Just another episode, of, life.
I lay in my bed, back down, head up and attentive to the ceiling’s needs. I wonder: have you ever thought that your life is one long episode? Like, and, the commercials of your episode being the times you nap or get a full 6–8 hours of sleep? Perception alters and now I plan episode arrangements, after my commercial break. I’m enchanted by life and the mysteries of such livings. God willing, the episode will continue motion.
It’s officially the anniversary (seven) for one of my favorite mixtapes — Friday Night Lights — J. Cole delivered a classic mixtape. I’t also another day to survive, improve, and check up on friends. I’m awake playing the tape. Exhausted but there’s continuance which struck my motivation. I pray every day — multiple times — in hope that the ropes don’t tangle up the ones I love. The ropes of life. I’ve seen many become triumph and use the rope to jump with, but there’s also many that have been hung with and by the rope’s grip. Don’t slip. As I weave in and out of life’s obstacle course, I pray that I can survive the course and not become a corpse of course. Irascible I became. Father living but not here, never forgetting what I fear. Through the anxiety, it’s still clear that I’m near a purpose that’s worth this expedition on earth’s surface.
“This is where the fathers ain’t livin, at least not with us. Might see em round the city and won’t even say wassup.” — J. Cole “Enchanted”
A sleepless night presented me with numerous episodes of Fresh Prince of Bel-Air. I watched as Will and Carlton’s dynamic grew each episode. Will’s charisma and energy could almost be felt through the television. I must’ve laid on my bed and watched 4–5 episodes, back-to-back-to-back-to-back-to back episodes. I arrived on my last viewing of an episode, one which presented the same high energy and charisma that Will carried like a wallet. After 14 years of being absent in Will’s life, Lou Smith is now present and ready to enjoy quality time with his son. Following an abundance of promises, Lou let Will down and the episode, that scene to which Will hugged Uncle Phil and questioned “how come he don’t want me?,” became one of the most heartfelt scenes to ever happen on the show — Papa’s Got A Brand New Excuse. I laid in bed and cried and wondered — at the age of 10 — I began to question my father’s absence.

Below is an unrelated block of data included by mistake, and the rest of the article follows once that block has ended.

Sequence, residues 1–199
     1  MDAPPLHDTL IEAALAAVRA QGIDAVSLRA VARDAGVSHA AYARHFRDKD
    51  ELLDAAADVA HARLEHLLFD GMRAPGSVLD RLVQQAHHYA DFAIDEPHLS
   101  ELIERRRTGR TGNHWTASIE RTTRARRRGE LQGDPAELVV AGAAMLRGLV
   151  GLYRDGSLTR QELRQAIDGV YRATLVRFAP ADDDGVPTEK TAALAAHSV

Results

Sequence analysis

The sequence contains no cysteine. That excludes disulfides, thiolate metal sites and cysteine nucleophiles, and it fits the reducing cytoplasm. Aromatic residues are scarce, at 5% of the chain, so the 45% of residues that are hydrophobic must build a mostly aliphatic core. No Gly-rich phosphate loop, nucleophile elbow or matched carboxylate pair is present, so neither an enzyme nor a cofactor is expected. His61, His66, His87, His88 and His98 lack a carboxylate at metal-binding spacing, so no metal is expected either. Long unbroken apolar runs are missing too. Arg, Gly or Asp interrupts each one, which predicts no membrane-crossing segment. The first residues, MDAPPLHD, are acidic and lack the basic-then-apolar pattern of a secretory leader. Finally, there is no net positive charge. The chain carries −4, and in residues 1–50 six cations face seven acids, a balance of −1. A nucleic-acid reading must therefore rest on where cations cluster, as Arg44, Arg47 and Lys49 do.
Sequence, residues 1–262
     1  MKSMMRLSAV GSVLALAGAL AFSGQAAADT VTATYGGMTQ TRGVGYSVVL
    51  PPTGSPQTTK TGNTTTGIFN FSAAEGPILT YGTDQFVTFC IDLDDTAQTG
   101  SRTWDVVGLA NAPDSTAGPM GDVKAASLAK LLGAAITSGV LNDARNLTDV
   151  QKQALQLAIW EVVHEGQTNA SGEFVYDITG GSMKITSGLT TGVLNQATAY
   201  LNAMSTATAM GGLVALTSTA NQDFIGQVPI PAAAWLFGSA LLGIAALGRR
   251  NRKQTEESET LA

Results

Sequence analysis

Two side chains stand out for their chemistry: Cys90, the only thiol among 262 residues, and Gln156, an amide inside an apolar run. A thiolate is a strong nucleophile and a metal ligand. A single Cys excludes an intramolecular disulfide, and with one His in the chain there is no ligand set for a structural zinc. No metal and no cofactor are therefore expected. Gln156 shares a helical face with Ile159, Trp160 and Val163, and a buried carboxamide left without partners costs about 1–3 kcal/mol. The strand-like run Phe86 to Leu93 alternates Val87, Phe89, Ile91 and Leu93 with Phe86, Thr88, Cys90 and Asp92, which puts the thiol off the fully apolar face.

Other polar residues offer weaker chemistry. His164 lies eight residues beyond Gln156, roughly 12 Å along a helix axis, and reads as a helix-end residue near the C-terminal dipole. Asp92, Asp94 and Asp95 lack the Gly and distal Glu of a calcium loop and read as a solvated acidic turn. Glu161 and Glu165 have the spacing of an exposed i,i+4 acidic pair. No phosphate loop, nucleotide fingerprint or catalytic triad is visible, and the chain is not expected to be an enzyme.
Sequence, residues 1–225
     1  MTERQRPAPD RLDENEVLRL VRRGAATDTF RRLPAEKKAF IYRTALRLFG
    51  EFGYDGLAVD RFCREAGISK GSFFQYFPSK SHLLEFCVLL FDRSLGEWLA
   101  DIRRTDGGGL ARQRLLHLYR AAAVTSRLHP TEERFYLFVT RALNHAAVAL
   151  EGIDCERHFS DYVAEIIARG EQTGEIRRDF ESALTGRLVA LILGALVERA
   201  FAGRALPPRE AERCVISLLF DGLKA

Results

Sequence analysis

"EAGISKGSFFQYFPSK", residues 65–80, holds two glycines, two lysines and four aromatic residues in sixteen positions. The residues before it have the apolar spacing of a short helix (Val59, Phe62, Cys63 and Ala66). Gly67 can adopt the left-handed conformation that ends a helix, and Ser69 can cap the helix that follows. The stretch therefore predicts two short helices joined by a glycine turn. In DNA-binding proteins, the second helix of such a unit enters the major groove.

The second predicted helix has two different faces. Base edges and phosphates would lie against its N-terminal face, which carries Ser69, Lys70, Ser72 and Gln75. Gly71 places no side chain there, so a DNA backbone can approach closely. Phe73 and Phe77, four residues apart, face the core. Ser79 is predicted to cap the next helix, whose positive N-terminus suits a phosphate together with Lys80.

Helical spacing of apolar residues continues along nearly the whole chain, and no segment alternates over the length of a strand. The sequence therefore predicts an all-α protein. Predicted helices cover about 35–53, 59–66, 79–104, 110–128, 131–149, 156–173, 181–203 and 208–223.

The absence of a father figure caused me to search elsewhere. I searched through public figures, rappers, actors, and mentors I had throughout my adolescence. Sadly, for me, It didn’t feel the void for what I felt was my true essence — continuance of bitter feels but striving for better feels.
“Sons raised by both queens but there’s no queens”
My grandmother is a true queen. She did everything in her power to ensure that received everything I needed growing up. But still, I lacked guidance along the way — trial and error knew me well — the trifecta we became and still remain now.
The devil, my mind, and life became a trio of their own. There lived nothing other than anxiety, swarming my arena, I sought out professional help, in hopes to cope with the ropes of life.
“Yea, let’s see God
I know you only do whats best for me
But is it cool if we negotiate my destiny
They always tellin’ me it’s temporary
Then why it’s feelin’ like a cemetery
My dreams ain’t got no obituaries” — Omen
Revisiting November 12, 2010, Omen’s lyrics during his “Enchanted” verse shouted the emotion of Langston Hughes’ “Dream Deferred” poem. It’s the constant struggle of existential crisis.
As I sprouted, my mind grew — inquisitive — the more I learned, the less I knew. Assuming street life, violence, drugs, etc, were the only way to fall, victim, that surely isn’t the case. Mental health drew feasible measure to get us up out of here. Trusting God, I know there’s better to come for me and those I care about. Patients must become a virtue.
I hate to see potential disperse into thin air. I saw my cousin lose his mother and then he lost himself too. Turn on CNN and see a mother lose her son to the boys in blue. I pray to God that I don’t lose myself too. Not necessarily about James McMillan Jr., who 4YEO catered to, but the message of survival and be captured by the city’s corruption reigned years prior to Cole’s 2016 album of 4YEO. James, who Cole changed his name for privacy reasons, was 22 and that could be me, because i’m 20 somethin’ too. James represents the classification of being swallowed by the world. The scope of demise opens up beyond a weapon of choice. Breathing the air, the ultimatum that lingers like pollution.
“It seems like niggas either feel ya or they tryna kill ya. I face the sky and hope that God ain’t acting unfamiliar. You play whatever cards he deal no matter how peculiar. They tell me that its God’s will, I’m asking God will ya — heal a nigga from all this pain.”
You may not pray like I do or pray to who I kneel before nightly, but there’s a war going on outside and it’s causing families to suffer, fatherless children to trial-and-error their way through life and the daily struggle to survive, period. Lucifer constantly shifts gears — that’s why we must not remain stagnant. Tiring.
Not remaining stagnant can become draining. Staying afloat, keeping an optimistic optic, is no small task. You can forget what you live for and you can forget what you died from.